The train may have been picking up speed as we left the city, but the pace of life outside was slowing down. I couldn’t help but breathe a sigh of relief as I left the infinite slabs of concrete behind me for a greener and slower way of life. As the trees grew thicker the shocking bursts of autumn colors became more frequent until it eventually became a blanket of oranges and reds that comforted me, and my nervous excitement began to settle. You would have thought I was going on a grand adventure, but it was just a 2 hour train ride to Kent where I was going to spend a day and change catching up with an old friend on her farm.
Other than the obvious motivation of seeing a friend I hadn’t in years, I was eager to actually get to be on a farm. Maybe there are some city folk who’ve been on farms or fruit picking or what have you, but I haven’t, at least, not since I was very young. And after reading Omivore’s Dilemma and learning about the state of our food and agricultural system, I was looking forward to actually heading to a farm myself to connect to my food.
Lately I’ve been tackling these kind of existential questions about lifestyle, happiness, life visions, etc. The reverse culture shock I experienced coming back from Spain wasn’t so much a shock as it was a grueling and intense process of self-reflection, constant doubts, and a feeling of being utterly lost. Fortunately, with the incredible benefits of Nam-Myoho-Renge-Kyo paired with good friends and lots of chocolate, I’ve been gaining more and more clarity as time goes on, and all of those drops of clarity coalesced during my time in Connecticut.
Kate and John, a.k.a. the Food Cyclists, live in a way that I find nothing short of inspirational. After biking across the country they eventually found their way to CT where they partner with others to live and grow food in a sustainable way. The path they took was not at all conventional, or similar to the one our generation seems to have been groomed for. Instead they decided to take a risk and see where it took them. Farming is arduous work that requires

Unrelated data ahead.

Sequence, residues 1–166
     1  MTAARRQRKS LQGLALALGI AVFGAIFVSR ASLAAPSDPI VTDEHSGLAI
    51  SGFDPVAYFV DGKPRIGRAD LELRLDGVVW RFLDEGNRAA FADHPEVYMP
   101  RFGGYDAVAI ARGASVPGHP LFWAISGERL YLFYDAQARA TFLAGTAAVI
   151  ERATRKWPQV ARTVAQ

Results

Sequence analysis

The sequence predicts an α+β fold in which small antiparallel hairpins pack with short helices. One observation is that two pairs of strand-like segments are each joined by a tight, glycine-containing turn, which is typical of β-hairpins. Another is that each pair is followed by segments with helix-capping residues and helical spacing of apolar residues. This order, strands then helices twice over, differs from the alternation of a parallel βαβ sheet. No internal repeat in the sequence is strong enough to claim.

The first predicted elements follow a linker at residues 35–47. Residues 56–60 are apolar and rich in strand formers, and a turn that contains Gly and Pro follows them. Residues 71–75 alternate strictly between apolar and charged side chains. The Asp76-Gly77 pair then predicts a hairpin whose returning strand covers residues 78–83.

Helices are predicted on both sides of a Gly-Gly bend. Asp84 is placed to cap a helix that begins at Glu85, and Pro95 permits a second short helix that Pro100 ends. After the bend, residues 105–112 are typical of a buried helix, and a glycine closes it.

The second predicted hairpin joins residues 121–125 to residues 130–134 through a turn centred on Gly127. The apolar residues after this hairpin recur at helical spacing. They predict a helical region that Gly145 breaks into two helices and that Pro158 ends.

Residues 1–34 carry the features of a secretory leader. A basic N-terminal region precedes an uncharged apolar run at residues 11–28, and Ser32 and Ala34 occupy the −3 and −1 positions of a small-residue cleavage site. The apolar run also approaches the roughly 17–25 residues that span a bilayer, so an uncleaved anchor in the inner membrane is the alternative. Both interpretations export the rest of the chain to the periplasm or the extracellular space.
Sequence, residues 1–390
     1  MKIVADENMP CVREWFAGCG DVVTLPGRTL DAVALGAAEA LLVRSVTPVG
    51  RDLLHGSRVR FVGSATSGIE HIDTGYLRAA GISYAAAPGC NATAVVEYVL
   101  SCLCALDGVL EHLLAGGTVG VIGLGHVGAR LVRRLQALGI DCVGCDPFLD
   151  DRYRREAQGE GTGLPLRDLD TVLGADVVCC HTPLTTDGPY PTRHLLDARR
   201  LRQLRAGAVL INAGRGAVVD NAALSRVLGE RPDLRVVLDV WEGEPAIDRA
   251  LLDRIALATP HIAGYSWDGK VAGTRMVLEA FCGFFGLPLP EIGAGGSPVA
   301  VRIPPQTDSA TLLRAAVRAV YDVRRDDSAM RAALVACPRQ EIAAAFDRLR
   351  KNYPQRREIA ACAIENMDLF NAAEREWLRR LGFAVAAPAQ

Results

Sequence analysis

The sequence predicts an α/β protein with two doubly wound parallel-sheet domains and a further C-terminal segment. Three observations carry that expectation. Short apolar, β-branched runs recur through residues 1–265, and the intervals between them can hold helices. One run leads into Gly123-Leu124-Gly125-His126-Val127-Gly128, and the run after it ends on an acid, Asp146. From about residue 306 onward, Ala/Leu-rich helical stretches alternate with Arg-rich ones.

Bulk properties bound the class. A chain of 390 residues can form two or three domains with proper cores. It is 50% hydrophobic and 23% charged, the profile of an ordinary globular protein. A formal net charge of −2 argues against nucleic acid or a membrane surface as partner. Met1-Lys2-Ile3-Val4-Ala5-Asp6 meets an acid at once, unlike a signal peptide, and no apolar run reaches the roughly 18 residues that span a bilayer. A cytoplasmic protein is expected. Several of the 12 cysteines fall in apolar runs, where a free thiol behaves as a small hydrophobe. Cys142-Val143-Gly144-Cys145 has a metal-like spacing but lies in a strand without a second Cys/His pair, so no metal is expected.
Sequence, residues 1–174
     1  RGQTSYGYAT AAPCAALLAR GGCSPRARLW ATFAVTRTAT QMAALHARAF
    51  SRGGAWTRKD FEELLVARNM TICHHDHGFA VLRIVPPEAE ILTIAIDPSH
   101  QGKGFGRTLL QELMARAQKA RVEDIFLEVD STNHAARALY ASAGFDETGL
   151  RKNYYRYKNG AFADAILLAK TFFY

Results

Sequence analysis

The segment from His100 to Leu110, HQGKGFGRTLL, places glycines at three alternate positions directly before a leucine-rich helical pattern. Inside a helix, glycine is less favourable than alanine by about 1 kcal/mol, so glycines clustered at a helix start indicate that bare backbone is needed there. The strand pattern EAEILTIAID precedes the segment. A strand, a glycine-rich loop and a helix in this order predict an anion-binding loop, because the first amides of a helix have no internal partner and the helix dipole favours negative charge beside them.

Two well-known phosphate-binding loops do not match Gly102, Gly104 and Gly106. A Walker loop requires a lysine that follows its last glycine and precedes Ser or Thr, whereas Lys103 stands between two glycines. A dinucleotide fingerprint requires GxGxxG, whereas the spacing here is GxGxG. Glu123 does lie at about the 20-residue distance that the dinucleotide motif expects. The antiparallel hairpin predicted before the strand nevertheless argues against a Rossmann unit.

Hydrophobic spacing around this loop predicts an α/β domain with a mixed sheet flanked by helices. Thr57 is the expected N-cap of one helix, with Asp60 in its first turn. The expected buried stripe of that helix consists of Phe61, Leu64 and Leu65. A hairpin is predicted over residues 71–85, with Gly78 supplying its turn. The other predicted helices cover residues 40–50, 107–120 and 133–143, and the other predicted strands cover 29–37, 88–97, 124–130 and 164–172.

so much time and dedication but they are living true to themselves, creating along the way a vision that brings them and their family joy.
I mulled all of this over as I watched the morning mist lingering over the water, reluctant to disperse. A sudden splash from behind me reminded me of the resident beavers who are waging a battle with John to complete a dam despite the fact that he keeps tearing it down. I could have stayed there all morning with nothing but the silence surrounding me and the cold air nipping at my face. The quiet comforted me, erased the clamor of the city that constantly floods my ears.
It’s so easy to get caught up in the hustle of work and the frenetic energy of NYC. Taking a step back is something that can be hard to do if you don’t intentionally take the time to do it. The same can be said of wherever you live, because life is complicated in all parts of the world. But there’s something to be said for living in a simpler manner. Throughout the day they pass each other as the complete their chores, and they sit down to family meals. I find a profound sense of peace in a quieter way of life where you can sit down to a meal and truly enjoy the food and company, where you don’t have a lingering sense of guilt that you should be productive as you sit by the lake with a beer in your hand. Does that only have to happen on vacations? Can’t we have those kinds of moments in our daily lives? We’re all clamoring to make getaways the few times we can, but what if we tried to bring peaceful moments like those into our homes?
I had expected to come back from my mini-trip with a deeper understanding of farming and learning about where my food comes from, and while I definitely learned a few things about that, the life lessons I learned were even more profound. I am the author of my own story, words are what ground me, and my determination is simply this: to live deeply.